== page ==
Wasps are predacious flying insects. Generally, they are considered a benefit to the environment as a great source of organic pest control on crops, farms and gardens. They are usually grouped into two types of wasps; social wasps and solitary wasps. Wasps are carnivorous hence they consume fleshy things for example spiders. Compared to bees, wasps are more vicious and should be handled with much caution especially when trying to clear out its nest. The best time to eliminate a wasp’s nest is early morning.

There are several types of wasps- here are some of the most common wasps worldwide.


These types of wasps are about 2 inches in size and are classified under social wasps. One nest has approximately 700 members. Hornets are the most renowned in the north east region of the US and in Canada as well. Hornets are also referred to as bald -faced hornets and have a similar resemblance to yellow jackets in color but vary in size and thickness. Some hornets are white and black. Like most wasps, hornets sting several times and their sting is usually painful. However, they are a bit less aggressive compared to the yellow jacket. A hornet’s nest resembles a ball shape which can range from basket ball to football. They mostly reside in tree branches, attics, building sides, bushes, and walls or even hallows.

Yellow Jackets

Yellow jackets are a half inch in size and are grouped as social wasps. One nest consists of up to 5,000 members. They are often mistaken for honeybees, although they are a bit quicker, smaller and a brighter yellow in color. One other thing that may help identify the yellow jackets is their fast side-to-side flight pattern just before they land. These types of wasps are scavengers and eat meat and sweets, which is why you are likely to encounter some in parks or disrupting your picnic. Yellow jackets are sometimes also referred to as sweet bees, ground bees or meat bees.

Yellow jackets nest in softball sized ground holes and are very aggressive when it comes to defending their home. Other places they nest include attics and wall voids. Unlike honeybees, yellow jackets sting repeatedly, don’t lose their stinger and neither do they die after stinging.

Paper Wasps

These social wasps are approximately three-quarters to one and a half inch long. Their nest size is about five to twenty wasps. There are several species of paper wasps and are ideally long with yellow and black or rusty brown stripes. The name paper wasp was derived from their naked grayish paper-like material, honeycomb in shape. Paper wasps are mostly found dangling under eaves, and sometimes in attics, trees and other structures. The paper wasps only attack when aggravated.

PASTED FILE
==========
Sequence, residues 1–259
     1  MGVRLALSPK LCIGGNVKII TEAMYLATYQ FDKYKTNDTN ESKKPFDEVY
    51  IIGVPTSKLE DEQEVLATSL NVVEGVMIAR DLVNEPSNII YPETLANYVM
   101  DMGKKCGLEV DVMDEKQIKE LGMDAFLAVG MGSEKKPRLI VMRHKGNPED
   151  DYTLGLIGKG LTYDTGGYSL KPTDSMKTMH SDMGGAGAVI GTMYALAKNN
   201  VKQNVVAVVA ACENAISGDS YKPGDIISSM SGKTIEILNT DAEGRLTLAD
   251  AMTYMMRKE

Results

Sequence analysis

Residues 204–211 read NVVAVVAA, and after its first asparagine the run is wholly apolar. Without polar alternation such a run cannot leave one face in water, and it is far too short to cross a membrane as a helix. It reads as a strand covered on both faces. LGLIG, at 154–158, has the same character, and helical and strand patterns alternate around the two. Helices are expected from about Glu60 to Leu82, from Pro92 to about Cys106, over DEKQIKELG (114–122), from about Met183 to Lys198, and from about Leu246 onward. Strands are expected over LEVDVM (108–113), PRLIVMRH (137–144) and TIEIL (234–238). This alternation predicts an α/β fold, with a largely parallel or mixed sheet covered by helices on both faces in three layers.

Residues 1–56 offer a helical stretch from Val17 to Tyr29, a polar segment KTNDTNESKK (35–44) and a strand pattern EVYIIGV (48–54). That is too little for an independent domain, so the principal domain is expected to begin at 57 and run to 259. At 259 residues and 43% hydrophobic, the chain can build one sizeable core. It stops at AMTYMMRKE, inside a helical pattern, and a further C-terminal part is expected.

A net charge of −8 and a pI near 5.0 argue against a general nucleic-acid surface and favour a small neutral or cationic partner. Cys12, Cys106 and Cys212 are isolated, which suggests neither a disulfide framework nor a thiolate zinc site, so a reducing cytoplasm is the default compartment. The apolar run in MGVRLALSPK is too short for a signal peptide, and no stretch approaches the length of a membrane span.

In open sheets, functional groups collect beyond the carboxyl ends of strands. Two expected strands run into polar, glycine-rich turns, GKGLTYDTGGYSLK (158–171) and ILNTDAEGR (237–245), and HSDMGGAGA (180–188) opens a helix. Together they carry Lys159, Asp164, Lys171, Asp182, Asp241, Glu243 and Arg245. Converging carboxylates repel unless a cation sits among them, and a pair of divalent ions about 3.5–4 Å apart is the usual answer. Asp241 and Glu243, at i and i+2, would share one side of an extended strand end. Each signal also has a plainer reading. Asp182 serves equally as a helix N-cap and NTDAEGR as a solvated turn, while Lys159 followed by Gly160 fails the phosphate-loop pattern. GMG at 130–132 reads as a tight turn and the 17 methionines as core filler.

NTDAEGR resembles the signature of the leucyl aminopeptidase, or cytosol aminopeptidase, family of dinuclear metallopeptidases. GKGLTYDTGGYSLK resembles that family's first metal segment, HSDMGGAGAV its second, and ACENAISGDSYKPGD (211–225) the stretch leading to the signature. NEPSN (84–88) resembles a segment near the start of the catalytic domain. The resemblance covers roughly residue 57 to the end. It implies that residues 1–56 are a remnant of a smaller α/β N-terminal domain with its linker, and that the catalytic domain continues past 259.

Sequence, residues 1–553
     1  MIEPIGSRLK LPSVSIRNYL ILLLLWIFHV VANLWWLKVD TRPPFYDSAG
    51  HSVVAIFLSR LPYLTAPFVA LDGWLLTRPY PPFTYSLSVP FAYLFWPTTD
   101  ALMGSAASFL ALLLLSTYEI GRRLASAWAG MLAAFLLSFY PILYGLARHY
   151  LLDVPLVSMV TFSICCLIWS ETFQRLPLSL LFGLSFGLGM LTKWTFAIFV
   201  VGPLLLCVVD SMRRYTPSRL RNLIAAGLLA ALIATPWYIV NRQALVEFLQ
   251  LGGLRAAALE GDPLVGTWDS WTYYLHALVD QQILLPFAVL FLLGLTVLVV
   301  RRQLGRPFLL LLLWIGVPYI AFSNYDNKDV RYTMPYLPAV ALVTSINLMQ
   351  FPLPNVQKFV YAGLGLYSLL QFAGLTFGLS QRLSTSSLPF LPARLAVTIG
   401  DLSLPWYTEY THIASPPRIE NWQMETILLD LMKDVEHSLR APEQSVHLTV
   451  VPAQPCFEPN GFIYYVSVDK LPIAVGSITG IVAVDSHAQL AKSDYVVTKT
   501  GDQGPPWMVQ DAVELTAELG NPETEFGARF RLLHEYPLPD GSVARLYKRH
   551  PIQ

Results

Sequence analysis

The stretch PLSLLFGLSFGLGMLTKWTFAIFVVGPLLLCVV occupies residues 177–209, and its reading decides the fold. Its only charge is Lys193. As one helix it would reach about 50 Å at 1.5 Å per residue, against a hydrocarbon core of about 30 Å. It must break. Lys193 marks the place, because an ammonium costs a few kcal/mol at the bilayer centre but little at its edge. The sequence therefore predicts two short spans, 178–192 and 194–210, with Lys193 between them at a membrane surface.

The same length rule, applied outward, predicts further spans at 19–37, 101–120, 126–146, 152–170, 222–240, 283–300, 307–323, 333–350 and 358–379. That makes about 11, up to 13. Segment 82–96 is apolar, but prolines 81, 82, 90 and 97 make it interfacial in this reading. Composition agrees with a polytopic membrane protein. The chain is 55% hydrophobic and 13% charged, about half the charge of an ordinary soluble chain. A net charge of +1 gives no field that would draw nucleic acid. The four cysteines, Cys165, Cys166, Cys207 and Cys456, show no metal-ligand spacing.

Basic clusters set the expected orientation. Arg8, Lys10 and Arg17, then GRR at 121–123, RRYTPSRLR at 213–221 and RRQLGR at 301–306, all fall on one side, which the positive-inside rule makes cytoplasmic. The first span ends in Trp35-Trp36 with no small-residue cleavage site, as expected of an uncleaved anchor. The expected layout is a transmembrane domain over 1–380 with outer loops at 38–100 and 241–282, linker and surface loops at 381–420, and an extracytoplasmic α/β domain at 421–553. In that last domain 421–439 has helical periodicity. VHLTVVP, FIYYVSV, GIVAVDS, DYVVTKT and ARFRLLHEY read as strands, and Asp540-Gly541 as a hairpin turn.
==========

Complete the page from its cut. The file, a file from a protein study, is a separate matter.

Mud Wasps

There are three types of mud wasps – mud daubers, potter wasps and pollen wasps. They got their name from their clay/mud nest constructions. They nest above the ground and also in the ground. Mud wasps are solitary wasps and vary in size.

  • Mud Daubers

Mud daubers are solitary wasps with a build of up to an inch long. Their nests are small with tube-like structures carrying a colony of 3 to 20 wasps. They are viewed as alien-like due to their skinny needle-like waist, and are sometimes referred to as thread waist wasp or dirt daubers. Their common identity is their rigid, flat oval and tube-shaped mud nests. They can sting even when not aggravated and aren’t protective of their nest like the yellow jackets. The mud daubers normally attach under porches, eaves, attics and walls. They typically prey on spiders especially the black widow spiders.

  • Potter Wasp

They are very tiny wasps of half an inch in size. They are also referred to as mason wasps. They got their name from their jug/pot shaped nests. Of all the wasps’ species, potter wasps have the greatest diversity of species, classified over 200 groups.

  • Pollen Wasps

Pollen wasps are three-quarters of an inch long, and are sometimes mistaken for yellow jackets, due to their small size but contrary to the yellow jackets, pollen wasps have large clubbed antennas. They build their nests underground out of mud and water. They generally feed on pollen and nectar, which brought about their name, “pollen wasps”.

Some of these wasps are very aggressive and sting, and their sting is very painful. Therefore, one should avoid encountering them at any cost. In the event you bump into their nest in the attic, it is advisable to call a professional to help in clearing of the nest.


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